Garnet is a group of minerals that have been used for
thousands of years as gemstones and abrasives. Noah, it is said, used a
garnet lantern to help him steer his ark through the dark night. Garnets are also found in jewelry from early Egyptian, Greek and Roman times. In
earlier times, garnets were exchanged as gifts between friends to
demonstrate their affection for each other and to insure that they meet
again. Many early explorers and travelers liked to carry a garnet with
them. It was popular as a talisman and protective stone, it was believed to
light up the night and protect its bearer from evil and disaster. Science has
taught us that the garnet's proverbial luminosity comes from its high
refractive index. Today, it is widely known as the birthstone for January and
is also the stone for the Zodiac sign Aquarius. Garnets are most often
seen in red, but are available in a wide variety of colors spanning the
entire spectrum. The name "garnet" comes from the Latin granatus ("grain"), possibly a reference wherein crystals resemble grains or
seeds embedded in the matrix.
Six common varieties of garnet are recognized based
on their chemical composition. They are pyrope, almandine or carbuncle, spessartite, grossularite (varieties of which are
hessonite or cinnamon-stone and tsavorite), uvarovite and andradite.
Garnets are available in many
colors including red, orange, yellow, green, blue, purple, brown, black, and colorless.
The rarest of these is the blue garnet, discovered in the late 1990s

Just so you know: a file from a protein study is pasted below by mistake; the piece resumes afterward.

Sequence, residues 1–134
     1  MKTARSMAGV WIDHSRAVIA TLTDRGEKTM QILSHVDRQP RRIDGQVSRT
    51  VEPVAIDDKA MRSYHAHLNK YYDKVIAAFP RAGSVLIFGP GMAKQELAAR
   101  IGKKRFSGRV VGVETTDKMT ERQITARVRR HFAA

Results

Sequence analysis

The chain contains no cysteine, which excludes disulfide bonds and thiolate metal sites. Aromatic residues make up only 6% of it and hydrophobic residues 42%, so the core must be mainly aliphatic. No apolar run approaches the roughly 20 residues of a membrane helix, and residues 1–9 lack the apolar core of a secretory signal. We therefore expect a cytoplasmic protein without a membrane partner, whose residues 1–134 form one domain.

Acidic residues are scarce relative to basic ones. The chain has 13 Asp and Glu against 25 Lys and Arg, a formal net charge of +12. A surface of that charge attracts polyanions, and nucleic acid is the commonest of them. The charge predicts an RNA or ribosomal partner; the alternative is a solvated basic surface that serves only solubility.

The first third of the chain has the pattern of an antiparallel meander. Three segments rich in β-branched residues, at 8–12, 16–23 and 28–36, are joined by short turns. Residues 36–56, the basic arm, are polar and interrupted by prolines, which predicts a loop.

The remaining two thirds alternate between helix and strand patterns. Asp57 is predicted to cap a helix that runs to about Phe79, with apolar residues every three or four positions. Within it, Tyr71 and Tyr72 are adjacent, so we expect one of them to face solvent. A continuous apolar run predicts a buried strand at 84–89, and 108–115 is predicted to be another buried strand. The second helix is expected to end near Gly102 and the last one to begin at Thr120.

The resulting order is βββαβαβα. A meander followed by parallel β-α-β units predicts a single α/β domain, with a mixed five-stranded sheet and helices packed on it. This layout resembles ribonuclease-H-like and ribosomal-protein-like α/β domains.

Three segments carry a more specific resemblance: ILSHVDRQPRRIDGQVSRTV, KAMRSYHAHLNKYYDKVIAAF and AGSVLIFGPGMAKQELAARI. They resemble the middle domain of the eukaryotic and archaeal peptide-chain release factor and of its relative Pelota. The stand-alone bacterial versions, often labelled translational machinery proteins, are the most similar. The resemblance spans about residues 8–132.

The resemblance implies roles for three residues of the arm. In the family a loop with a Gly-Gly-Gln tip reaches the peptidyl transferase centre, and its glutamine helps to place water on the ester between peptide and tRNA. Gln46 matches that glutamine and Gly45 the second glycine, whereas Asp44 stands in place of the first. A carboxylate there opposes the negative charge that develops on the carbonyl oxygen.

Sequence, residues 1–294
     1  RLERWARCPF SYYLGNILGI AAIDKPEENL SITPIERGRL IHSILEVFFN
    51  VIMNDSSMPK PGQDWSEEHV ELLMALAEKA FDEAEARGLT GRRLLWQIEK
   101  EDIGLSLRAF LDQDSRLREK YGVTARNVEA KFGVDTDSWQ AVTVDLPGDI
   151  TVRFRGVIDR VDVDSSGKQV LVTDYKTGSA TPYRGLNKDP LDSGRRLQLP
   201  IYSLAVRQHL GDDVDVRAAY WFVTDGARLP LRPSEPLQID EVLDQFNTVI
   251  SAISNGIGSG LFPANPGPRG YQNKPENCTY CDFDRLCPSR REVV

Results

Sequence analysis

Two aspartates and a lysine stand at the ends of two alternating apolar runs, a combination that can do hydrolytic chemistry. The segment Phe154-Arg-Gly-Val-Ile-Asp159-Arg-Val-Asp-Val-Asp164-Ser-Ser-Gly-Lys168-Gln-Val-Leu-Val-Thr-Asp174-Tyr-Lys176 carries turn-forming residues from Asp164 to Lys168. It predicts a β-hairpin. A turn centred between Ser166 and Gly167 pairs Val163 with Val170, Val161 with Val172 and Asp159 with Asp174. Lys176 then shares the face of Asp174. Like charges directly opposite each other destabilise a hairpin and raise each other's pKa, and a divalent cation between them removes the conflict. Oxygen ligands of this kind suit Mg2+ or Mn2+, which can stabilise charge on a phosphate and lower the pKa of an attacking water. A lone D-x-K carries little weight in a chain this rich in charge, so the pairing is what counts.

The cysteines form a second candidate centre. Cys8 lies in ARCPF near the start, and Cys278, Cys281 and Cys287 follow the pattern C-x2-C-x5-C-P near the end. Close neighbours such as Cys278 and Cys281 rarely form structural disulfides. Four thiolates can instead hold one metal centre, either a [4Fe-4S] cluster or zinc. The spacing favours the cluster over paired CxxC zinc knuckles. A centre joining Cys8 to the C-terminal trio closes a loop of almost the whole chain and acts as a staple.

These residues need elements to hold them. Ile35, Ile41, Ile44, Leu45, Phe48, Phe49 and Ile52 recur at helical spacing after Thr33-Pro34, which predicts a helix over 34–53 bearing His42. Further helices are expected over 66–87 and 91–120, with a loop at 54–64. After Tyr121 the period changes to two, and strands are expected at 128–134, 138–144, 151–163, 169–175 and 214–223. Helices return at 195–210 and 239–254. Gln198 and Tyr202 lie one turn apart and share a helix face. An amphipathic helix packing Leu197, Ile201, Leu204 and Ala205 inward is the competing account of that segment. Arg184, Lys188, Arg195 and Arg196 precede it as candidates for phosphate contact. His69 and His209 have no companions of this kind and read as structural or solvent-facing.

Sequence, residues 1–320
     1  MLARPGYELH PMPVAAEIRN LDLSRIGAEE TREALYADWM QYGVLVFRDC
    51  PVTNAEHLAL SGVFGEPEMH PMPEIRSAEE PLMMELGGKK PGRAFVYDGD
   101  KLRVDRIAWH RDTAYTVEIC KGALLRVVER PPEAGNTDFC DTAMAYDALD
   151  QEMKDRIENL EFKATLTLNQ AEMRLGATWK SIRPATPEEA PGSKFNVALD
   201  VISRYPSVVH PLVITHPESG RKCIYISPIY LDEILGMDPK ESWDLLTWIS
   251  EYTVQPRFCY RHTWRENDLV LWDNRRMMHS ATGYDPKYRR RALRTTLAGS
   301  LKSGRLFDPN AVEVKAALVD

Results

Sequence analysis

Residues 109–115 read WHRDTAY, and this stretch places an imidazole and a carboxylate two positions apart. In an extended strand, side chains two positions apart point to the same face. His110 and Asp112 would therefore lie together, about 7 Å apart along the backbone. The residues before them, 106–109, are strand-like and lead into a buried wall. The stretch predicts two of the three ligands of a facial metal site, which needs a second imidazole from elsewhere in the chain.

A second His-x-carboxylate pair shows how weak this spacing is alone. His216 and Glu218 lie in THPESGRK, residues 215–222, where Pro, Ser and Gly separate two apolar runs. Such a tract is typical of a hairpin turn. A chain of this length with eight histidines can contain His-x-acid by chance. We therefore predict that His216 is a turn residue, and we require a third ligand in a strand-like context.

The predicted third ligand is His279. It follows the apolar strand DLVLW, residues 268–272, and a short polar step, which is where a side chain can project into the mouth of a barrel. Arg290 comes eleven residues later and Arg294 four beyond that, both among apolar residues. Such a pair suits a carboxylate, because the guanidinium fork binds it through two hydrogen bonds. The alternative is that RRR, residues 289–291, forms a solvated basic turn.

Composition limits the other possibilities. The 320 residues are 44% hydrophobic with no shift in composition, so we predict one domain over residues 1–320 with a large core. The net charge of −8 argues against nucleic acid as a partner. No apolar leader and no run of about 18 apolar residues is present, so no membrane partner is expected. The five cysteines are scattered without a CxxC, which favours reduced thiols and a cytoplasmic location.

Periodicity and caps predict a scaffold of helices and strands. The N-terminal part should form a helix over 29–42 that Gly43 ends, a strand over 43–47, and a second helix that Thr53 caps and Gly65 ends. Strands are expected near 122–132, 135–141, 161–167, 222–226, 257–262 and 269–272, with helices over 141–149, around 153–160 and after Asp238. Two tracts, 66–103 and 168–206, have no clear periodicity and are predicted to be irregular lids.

in Bekily, Madagascar.It is also found in some parts of the United States,
Russia and Turkey. It changes color from blue-green in the daylight to purple
in incandescent light, as a result of the relatively high amounts of vanadium
(about 1 wt.% V2O3). Other varieties of color-changing garnets exist. In daylight, their color ranges from shades of green, beige, brown,
gray, and blue, but in incandescent light, they appear a reddish or
purplish/pink color. Because of their color changing quality, this kind of
garnet is often mistaken for Alexandrite.
Garnet’s light transmission
properties can range from the gemstone-quality transparent specimens to the
opaque varieties used for industrial purposes. The mineral’s luster is
categorized as vitreous (glass-like) or resinous (amber-like).
Because the chemical composition of garnet varies, the
atomic bonds in some varieties are stronger than in others. As a result, the
mineral shows a range of hardness on the Mohs Scale of about 6.5 to 7.5. The
harder varieties, like almandite, are often used for abrasive purposes.
Energy Interpretation by Sylvia Rose-Johnson:
Garnet's powers include healing,
strength, and protection and it is often worn to relieve inflammations of the
skin. It is also believed to regulate the heart and blood flow and aid in